Get your full text copy in PDF
George B. Stefano, Richard M. Kream
(International Scientific Information, Melville, NY, USA)
Med Sci Monit 2017; 23:2732-2735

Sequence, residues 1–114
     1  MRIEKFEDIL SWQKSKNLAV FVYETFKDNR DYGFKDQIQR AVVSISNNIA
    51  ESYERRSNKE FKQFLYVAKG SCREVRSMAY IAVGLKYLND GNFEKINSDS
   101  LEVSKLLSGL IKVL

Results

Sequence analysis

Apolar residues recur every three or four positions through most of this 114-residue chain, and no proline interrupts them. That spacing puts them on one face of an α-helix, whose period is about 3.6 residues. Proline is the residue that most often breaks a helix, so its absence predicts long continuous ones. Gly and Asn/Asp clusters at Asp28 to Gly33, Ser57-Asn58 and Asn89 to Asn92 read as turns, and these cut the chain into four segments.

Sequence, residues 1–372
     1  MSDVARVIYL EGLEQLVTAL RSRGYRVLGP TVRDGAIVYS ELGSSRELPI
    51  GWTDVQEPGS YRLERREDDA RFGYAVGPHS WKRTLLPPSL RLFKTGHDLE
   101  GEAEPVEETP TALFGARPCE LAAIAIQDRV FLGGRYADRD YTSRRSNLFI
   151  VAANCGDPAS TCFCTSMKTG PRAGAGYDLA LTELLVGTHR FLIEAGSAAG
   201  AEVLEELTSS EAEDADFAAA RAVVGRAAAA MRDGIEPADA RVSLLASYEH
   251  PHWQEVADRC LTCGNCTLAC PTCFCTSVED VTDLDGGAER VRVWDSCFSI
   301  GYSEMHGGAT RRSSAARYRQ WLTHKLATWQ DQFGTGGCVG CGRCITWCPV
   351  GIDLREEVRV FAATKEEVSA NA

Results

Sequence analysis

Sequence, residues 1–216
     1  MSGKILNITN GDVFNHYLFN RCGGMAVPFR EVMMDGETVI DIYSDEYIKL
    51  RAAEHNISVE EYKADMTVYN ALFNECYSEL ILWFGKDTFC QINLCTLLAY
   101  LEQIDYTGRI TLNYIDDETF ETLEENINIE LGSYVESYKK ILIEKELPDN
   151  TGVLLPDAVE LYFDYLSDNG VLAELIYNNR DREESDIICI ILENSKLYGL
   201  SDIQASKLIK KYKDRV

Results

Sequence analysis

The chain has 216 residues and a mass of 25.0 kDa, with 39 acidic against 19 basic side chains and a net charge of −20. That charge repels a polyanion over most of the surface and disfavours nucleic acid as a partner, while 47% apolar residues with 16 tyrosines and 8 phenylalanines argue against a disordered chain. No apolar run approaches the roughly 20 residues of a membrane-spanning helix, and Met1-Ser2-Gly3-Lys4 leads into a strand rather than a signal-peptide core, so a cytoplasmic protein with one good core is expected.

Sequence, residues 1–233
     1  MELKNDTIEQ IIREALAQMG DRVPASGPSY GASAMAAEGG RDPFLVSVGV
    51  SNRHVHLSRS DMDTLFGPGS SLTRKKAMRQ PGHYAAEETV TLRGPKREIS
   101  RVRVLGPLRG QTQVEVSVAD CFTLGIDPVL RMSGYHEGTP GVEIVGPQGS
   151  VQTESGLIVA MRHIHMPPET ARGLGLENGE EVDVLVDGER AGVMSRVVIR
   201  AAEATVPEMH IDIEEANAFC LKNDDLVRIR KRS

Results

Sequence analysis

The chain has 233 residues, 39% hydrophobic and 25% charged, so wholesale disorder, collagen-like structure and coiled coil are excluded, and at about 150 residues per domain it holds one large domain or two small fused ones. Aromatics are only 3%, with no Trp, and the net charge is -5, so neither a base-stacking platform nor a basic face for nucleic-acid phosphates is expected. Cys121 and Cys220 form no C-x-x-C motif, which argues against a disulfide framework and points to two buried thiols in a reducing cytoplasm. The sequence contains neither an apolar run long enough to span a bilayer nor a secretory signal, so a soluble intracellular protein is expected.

Recent trends in biomedical research have highlighted the potential for effecting significant extensions in longevity with enhanced quality of life in aging human populations. Within this context, any proposed method to achieve enhanced life extension must include therapeutic approaches that draw upon essential biochemical and molecular regulatory processes found in relatively simple single cell organisms that are evolutionarily conserved within complex organ systems of higher animals. Current critical thinking has established the primacy of mitochondrial function in maintaining good health throughout plant and animal phyla. The mitochondrion represents an existentially defined endosymbiotic model of complex organelle development driven by evolutionary modification of a permanently enslaved primordial bacterium. Cellular mitochondria are biochemically and morphologically tailored to provide exponentially enhanced ATP-dependent energy production accordingly to tissue- and organ-specific physiological demands. Thus, individual variations in longevity may then be effectively sorted according to age-dependent losses of single-cell metabolic integrity functionally linked to impaired mitochondrial bioenergetics within an aggregate presentation of compromised complex organ systems. Recent empirical studies have focused on the functional role of mitochondrial heteroplasmy in the regulation of normative cellular processes and the initiation and persistence of pathophysiological states. Accordingly, elucidation of the multifaceted functional roles of mitochondrial heteroplasmy in normal aging and enhanced longevity will provide both a compelling genetic basis and potential targets for therapeutic intervention to effect meaningful life extension in human populations.